So: my first ever “competitive” run. I say competitive in the sense that, whilst no aspect of the race was professionally timed there was a binary win/loss condition and one man (banana) we were competing with – you either beat the banana, or you didn’t. The banana in question: a 50-something Kiwi runner called Rhys, decked out in full banana regalia. He was quick. But more on that shortly.
James (my friend who works for WCRF, part-time running sensei and full time awesome dude) tells me it was their best year for registration – with over 500 people registering for the ‘fun run.’ I arrived at the Serpentine bandstand about 45 minutes before race time and helped him at the bag drop tent… well, I say “helped”, what I really did was ask people why they thought their bag was safer with James than in the bin, and whether they could guess why his middle name was “bag thief”, so perhaps “helped” is a bit strong.
The start eventually came, more or less on time, following a brief but nonetheless too-long-and-too-ridiculous warm-up from the sponsoring Fitness First banana-dressed coach. Having never been in a competitive run before, and indeed rarely been in any kind of race where I didn’t come last, it was a strange experience; fun-runs attract all types, from the casual runner to the completely indolent, so the keener ones who made it to the front of the starting inflatable post bounded off with (and in some cases, beyond) the banana, whilst I, stuck firmly in the middle of the pack, dodged a bunch of slow moving but well-meaning folk.
Eventually, after about 1.5km, I managed to clear my way of the (rear of the) pack. Thankfully the muscle stiffness that had hit me a couple of days previously was nowhere to be seen and I felt I was getting a reasonable pace on. The feeling that came from overtaking people was pretty heady; I was probably going a little quicker than was sensible but kept pushing on through. Soon after this, however, the more accomplished runners who had just been dandying around the back chatting to friends started to apply themselves, and between 2-3km marks people kept overtaking me… But I didn’t lose spirit and kept plodding along. Runkeeper was giving me some data but I was resolutely ignoring it; I just needed to forge ahead and do my best.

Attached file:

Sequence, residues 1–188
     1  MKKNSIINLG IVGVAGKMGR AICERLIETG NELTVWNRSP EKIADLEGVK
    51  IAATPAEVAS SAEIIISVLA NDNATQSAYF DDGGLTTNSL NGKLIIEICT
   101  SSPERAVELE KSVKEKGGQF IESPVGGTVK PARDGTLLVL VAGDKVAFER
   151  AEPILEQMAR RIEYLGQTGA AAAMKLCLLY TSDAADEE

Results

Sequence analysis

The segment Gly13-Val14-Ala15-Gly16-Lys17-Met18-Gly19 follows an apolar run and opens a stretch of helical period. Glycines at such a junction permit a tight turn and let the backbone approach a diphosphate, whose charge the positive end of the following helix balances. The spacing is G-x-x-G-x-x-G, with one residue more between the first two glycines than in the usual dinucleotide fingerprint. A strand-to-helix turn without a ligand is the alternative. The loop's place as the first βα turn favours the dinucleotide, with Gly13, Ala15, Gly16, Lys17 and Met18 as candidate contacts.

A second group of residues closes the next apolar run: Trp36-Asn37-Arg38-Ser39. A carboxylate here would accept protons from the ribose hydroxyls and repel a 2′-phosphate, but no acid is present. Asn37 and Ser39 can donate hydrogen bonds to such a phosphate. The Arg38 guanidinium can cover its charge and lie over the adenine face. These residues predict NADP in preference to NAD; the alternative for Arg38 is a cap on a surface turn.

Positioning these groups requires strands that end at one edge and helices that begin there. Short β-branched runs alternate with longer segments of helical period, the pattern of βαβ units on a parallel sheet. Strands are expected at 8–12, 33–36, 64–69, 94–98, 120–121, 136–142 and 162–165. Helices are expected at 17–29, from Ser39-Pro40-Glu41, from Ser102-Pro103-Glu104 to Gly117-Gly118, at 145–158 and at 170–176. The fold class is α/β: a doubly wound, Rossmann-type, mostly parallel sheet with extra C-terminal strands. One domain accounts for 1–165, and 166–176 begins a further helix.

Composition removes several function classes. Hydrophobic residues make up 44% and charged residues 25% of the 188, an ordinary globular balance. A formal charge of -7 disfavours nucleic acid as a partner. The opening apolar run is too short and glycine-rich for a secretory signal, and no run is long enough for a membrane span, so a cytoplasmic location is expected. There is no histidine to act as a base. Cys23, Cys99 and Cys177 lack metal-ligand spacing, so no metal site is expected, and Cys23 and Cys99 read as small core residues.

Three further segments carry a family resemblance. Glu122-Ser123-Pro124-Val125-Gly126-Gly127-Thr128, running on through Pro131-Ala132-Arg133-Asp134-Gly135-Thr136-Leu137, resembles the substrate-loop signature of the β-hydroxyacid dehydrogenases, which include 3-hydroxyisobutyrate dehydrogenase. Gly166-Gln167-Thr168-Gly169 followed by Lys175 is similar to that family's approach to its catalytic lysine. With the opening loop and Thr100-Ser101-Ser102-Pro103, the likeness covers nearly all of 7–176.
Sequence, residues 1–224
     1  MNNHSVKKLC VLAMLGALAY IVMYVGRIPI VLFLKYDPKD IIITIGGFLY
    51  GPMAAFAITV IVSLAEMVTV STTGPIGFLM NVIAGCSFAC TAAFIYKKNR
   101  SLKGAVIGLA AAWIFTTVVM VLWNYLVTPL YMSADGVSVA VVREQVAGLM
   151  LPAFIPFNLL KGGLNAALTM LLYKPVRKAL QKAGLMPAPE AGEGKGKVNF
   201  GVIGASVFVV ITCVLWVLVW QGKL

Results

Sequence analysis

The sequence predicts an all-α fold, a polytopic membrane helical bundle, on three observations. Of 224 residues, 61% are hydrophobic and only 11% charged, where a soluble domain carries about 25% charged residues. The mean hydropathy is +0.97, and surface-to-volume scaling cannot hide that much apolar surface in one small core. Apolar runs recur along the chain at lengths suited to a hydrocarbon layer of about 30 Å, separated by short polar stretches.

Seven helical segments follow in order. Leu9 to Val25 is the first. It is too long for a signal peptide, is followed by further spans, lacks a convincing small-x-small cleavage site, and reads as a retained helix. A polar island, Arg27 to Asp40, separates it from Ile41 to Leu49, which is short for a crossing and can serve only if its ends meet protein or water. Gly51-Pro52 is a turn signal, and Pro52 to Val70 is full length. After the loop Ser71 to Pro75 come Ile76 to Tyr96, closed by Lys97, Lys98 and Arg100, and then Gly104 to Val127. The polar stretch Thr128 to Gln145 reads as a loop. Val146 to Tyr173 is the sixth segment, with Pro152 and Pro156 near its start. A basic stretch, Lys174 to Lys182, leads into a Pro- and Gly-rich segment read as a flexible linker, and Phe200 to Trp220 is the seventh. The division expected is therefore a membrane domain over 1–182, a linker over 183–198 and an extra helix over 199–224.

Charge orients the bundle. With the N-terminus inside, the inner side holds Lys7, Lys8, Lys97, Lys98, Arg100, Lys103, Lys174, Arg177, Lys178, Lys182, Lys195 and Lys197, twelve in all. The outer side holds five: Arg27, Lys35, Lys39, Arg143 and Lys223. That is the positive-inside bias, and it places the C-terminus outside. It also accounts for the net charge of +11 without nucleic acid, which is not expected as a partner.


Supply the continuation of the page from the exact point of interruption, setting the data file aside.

Whilst there were moments (as you’ll see if you check my Runkeeper race log) when I flagged, I managed to find my stride and had a good run to the end, finding brief moments of competition with random other runners. The final 300m became a sprint finish as a fellow-runner decided she wanted to beat me… she ran faster, I ran faster, until it was a hell-for-leather dash for the finish line… …and then she beat me too, jeering me triumphantly (but good naturedly – it was a fun-run after all!) at the end, when I collected my medal and goody bag (containing a banana, no less).
It was a lot of fun and I think I may have something of a racing bug – will look for a 10k now before the half-marathon (I think that distance might suit me better) and see how I do. The scary thing is that this is the pace I’ll need to maintain for FOUR TIMES AS LONG if I’m to break 2 hours on the half-marathon – that’s a way away. Lots of training needs to happen first. And I need to raise more dosh – my sister is my sole sponsor to date!
For the curious, the winner (who had won a similar run with WCRF in Hong Kong) came in at around 15m for the circuit (which GPS tracked as 4.7k), and the banana came in 3-4 minutes before me (around 22m). I came in at about 25m30, which is a new personal best. Big thanks to all the lovely WCRF people for a fun afternoon in Hyde Park.
Here are my (banana? sorry…) splits: